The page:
No wonder that the first wave of modern airport signage systems, in the 1960s and 1970s, were characterized by discipline and uniformity. Often, they were the work of gifted design “despots” like Benno Wissing, the Dutch designer whose 1967 signage for Schiphol Airport in Amsterdam was renowned for its lucid typography and rigorous color coding. To avoid confusion, he banned any other signage in his chosen shades of yellow and green from Schiphol, including Hertz’s car rental signs.
Clarity was also the goal of the Swiss designer Adrian Frutiger at the turn of the 1970s, when he developed a signage system for Charles de Gaulle Airport near Paris. He designed a special typeface in which each letter could be read from different angles by distracted passengers while racing through crowded terminals.
Like Wissing’s signs at Schiphol, Mr. Frutiger’s scheme at Charles de Gaulle was a wonderful example of design that fulfilled its function sensitively and elegantly. Sadly, it has since been neglected, but Wissing’s work has been lovingly maintained and updated by the Dutch designer Paul Mijksenaar. Other airports have tried to achieve the same lucidity, but have generally settled for less sophisticated designs, which have produced indistinguishably bland signs that make it hard to tell one airport from another.
There are rare exceptions, like the elegant signs devised by the Swiss designer Ruedi Rüegg for Zurich Airport until his death last year, but experiments, like Mr. Baur’s work at Cologne-Bonn Airport, are unusual. The signs there feature pictograms seemingly drawn by hand in a deliberately naïve style, which seems distinctive in the context of an airport, and so familiar that you feel as though you have been there before.
Mr. Baur sought to achieve a similar effect at Vienna with the blurred signage that looks as if someone has scribbled on it in thick pencil, specially created pictograms with light shadows and a series of delicately translucent glass paneled signs.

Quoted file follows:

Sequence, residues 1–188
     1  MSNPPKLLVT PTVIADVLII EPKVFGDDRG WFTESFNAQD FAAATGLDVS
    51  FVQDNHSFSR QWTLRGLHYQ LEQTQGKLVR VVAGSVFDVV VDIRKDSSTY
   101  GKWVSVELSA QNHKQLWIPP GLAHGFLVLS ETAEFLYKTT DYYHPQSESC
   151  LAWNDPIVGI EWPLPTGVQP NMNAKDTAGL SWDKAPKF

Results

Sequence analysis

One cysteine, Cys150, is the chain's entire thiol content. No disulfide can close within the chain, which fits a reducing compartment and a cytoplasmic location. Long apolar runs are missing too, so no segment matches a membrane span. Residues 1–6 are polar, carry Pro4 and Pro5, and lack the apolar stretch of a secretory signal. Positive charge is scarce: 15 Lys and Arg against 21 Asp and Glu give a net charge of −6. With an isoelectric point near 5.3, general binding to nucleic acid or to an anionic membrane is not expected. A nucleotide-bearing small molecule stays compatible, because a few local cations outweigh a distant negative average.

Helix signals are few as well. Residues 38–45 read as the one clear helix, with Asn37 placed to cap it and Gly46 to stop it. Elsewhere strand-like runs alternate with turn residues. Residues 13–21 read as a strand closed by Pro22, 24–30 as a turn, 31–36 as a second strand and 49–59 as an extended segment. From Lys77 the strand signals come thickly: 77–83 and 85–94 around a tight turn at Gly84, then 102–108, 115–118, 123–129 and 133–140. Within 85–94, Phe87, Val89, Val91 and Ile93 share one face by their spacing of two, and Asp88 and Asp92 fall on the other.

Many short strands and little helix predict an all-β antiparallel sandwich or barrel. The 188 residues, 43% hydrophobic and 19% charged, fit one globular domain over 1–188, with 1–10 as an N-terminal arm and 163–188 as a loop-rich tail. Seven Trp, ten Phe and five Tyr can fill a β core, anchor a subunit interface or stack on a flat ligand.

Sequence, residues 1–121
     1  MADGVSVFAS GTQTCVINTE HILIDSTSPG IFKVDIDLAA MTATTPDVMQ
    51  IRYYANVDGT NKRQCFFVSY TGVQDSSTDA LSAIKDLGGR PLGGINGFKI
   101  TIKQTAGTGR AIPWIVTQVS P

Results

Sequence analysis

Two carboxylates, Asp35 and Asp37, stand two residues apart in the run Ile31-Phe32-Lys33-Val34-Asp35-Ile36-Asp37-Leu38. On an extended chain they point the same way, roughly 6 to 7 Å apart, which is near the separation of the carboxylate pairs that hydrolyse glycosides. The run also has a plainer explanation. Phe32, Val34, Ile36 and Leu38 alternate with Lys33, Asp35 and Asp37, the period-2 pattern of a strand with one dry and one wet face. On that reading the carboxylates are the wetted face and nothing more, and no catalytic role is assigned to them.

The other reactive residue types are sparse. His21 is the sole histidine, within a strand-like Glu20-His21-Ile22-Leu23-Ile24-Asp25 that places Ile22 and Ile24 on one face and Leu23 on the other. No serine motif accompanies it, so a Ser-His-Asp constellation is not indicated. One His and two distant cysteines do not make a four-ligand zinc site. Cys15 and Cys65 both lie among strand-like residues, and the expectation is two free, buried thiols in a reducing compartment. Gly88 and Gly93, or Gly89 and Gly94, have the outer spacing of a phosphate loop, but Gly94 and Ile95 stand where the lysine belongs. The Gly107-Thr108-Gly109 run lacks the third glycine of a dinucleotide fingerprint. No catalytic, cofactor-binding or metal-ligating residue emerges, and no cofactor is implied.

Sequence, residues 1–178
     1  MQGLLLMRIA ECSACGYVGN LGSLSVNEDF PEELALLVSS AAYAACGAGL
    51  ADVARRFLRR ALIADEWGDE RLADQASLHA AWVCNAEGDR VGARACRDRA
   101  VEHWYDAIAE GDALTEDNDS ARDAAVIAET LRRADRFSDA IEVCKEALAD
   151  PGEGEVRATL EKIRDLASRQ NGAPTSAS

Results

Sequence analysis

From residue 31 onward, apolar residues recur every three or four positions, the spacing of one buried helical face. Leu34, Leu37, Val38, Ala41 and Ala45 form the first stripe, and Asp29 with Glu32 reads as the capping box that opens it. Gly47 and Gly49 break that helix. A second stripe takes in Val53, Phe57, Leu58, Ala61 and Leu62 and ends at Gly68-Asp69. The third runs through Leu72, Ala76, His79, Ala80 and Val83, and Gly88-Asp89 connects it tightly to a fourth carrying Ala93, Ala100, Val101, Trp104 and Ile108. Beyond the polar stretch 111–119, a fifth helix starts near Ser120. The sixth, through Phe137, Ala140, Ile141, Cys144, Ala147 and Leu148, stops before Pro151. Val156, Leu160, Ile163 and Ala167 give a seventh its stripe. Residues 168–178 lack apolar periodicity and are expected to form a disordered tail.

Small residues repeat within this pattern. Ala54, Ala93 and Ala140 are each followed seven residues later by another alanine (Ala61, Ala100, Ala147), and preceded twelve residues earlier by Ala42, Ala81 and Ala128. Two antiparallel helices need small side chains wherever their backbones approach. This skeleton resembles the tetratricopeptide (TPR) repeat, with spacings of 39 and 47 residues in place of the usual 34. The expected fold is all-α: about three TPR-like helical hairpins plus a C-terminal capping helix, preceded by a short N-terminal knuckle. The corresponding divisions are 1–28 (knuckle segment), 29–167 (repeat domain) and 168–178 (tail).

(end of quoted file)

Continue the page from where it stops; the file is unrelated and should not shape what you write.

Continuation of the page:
He believes that these “subtle, playful effects” give the airport a distinctive character, together with the choice of typeface, Fedra Sans, which he commissioned from the Slovakian designer Peter Bil’ak for a previous project and contains all of the Central European accents, making it very apt for use in the Austrian capital.
Some of the glass panels have proved too subtle for people with impaired vision, who have complained that they are not clear enough. Mr. Baur says the problem was caused by the late changes to the architectural program, which left some of the panels inadequately lit. He and his team are now trying to rectify that.
But he is less optimistic about the chances of persuading the airport to reinstate two lost components of his original scheme: a panel by the baggage carousels welcoming passengers to Vienna with Austrian-German greetings and his pièce de résistance, a giant LED screen that would have traced the progress of flights as they approached the airport.
Does his grand plan work without them? I can’t pretend to have spotted explicit references to Vienna on the airport signs, but they were discernibly different to the “identikit” variety: definitely odd, but agreeably so.